There's something about rainbows - something magical that makes me view them always through the eyes of a child - something that fills my mind with symbols of unity in diversity, faith in science, beauty in logic, hope in despair... all those falling droplets, all those splitting rays... and soon my youngest son will be going away. He's leaving home for his first grown-up job, first apartment, first time filling in forms on his own. My thoughts wander refracted into a rainbow all their own. Hold him tight enough to let him go. Love him well enough to set him free. Care deeply enough to trust. Then trust enough to pray. It seems almost fitting now that my first eBook's called Refracted - perfect timing that its release should coincide with my need to let go. My youngest son flies the nest just as my scripted baby goes live... Refracted, by Sheila Deeth The story of a man who gets lost in time and can't remember what he's lookin

A gold star for HP

One long phone-call, much cutting and pasting and editing of firewall permissions, a bit of uninstalling and reinstalling, a few crossed fingers, time for a quick cup of coffee while the machines restart again... and the very kind lady at HP tech support has got it all fixed up and running beautifully. I can print and scan successfully from my nice new Windows 7 machine. My son can print and scan from his slightly less new Vista machine. And the printing comes out formatted right, margins where we want them to be, book-pages ready to be folded in half and stapled. I'm feeling very happy. And the lady at HP deserves several gold stars. Thank you HP.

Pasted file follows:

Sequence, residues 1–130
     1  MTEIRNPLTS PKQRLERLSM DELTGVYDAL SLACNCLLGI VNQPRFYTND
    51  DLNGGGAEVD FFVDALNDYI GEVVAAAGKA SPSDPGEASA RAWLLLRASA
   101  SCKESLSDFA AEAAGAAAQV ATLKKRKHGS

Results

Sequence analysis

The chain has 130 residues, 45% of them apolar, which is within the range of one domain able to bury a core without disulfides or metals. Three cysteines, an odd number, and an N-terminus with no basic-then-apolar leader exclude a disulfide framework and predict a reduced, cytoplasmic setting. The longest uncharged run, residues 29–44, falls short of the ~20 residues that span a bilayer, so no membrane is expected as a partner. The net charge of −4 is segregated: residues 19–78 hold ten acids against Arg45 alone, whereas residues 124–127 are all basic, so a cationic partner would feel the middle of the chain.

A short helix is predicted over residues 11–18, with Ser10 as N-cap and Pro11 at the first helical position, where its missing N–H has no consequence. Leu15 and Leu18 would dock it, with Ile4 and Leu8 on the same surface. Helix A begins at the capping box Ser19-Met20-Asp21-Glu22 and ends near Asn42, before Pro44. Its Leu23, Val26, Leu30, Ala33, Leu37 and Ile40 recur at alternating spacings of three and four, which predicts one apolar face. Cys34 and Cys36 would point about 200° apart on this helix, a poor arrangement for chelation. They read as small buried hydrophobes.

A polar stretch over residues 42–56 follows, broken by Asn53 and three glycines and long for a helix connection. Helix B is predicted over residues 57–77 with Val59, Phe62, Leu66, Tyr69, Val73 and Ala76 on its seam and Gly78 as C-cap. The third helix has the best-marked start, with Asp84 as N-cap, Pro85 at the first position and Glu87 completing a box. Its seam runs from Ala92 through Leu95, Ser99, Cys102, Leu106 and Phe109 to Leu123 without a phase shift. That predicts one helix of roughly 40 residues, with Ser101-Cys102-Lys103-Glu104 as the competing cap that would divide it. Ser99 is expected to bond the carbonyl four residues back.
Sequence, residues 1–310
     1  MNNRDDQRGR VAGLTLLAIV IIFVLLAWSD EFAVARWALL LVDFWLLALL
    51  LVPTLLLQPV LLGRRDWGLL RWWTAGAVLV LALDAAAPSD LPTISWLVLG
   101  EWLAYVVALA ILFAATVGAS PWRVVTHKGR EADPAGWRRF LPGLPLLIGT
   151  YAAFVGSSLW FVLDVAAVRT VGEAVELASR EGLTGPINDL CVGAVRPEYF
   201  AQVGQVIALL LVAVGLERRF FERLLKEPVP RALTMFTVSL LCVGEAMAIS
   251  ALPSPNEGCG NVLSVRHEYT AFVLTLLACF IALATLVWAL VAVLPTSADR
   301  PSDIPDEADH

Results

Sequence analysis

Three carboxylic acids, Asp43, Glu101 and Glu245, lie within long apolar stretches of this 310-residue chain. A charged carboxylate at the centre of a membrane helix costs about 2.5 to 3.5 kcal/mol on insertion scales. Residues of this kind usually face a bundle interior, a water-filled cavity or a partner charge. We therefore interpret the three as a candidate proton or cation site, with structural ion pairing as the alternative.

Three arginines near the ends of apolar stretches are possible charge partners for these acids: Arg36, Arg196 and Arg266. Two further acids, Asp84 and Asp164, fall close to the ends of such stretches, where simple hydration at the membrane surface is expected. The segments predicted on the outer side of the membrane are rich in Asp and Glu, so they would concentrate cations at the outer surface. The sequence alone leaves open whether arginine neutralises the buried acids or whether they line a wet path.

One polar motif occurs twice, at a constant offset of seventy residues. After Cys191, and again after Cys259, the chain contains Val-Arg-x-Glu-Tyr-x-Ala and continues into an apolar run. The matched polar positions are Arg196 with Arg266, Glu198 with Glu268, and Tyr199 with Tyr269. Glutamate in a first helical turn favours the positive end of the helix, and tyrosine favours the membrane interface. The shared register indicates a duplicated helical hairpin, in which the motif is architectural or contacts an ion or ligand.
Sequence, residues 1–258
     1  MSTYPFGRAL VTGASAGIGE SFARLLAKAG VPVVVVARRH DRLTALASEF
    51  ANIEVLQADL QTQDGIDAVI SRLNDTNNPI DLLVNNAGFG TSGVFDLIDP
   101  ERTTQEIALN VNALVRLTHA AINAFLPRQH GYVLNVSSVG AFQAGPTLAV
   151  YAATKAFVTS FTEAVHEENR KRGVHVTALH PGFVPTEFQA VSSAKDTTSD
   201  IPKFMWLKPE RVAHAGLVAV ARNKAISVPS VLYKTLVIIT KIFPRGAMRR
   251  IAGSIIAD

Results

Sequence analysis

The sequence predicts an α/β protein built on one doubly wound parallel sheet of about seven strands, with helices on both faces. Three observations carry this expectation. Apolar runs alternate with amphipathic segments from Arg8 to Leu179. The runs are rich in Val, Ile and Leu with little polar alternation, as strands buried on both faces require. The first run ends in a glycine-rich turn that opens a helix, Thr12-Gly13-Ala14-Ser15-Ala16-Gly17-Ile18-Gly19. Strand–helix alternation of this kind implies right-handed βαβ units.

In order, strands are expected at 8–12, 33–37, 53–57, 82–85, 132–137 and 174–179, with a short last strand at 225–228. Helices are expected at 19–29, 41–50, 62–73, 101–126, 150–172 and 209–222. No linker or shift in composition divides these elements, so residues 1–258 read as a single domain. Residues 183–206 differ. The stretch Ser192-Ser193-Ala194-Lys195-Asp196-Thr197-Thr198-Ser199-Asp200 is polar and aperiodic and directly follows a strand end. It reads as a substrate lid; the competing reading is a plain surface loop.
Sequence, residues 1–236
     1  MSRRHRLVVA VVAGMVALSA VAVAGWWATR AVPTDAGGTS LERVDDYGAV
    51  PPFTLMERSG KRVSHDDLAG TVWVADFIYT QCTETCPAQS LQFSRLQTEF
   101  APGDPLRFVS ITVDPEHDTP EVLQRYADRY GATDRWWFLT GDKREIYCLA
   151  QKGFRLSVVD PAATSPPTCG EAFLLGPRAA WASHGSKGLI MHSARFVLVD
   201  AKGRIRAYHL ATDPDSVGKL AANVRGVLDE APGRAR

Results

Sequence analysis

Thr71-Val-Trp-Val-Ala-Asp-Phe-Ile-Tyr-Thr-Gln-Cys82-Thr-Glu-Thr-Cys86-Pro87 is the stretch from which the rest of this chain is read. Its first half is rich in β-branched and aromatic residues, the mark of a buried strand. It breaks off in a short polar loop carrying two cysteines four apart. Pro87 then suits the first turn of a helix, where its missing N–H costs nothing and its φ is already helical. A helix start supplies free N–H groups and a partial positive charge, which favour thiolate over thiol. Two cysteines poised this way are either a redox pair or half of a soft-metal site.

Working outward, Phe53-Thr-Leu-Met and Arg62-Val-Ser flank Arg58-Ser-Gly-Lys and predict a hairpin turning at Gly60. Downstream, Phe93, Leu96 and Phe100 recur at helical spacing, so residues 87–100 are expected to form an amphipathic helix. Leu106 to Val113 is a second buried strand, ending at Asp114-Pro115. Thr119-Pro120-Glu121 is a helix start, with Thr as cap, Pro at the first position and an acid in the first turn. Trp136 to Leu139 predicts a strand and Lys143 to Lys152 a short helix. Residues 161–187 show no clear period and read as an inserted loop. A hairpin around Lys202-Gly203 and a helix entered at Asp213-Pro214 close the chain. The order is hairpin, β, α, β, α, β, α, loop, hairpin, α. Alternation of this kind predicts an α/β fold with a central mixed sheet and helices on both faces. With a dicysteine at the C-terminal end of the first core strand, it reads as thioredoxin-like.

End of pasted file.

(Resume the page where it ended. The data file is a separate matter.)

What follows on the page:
It's a Puzzle...

It's a puzzle working out why buying a new computer means my printer won't work anymore. But the printer's a wireless HP and the computer has Windows 7. Apparently HP drivers don't work properly beyond Windows XP - at least, not if you want to go wireless, and not if you want to use double-sided printing. Suddenly my printer becomes inaccessible whenever I switch it on (because the IP address might change). My scanner won't work (because the software "fails to install"). And my nicely formatted books now have be hand-fed page by page into the printer because the new (not XP) drivers scale the image and add extra margins at inconsistent sides of a landscape page (making the middle shift in opposite directions so you can't fold the page). Aghghghg! Anyway, here's a much more interesting puzzle. Just click on it, and a nice little jigsaw puzzle site will let you waste precious minutes trying to solve it. Drink coffee. Eat chocolate... And if you want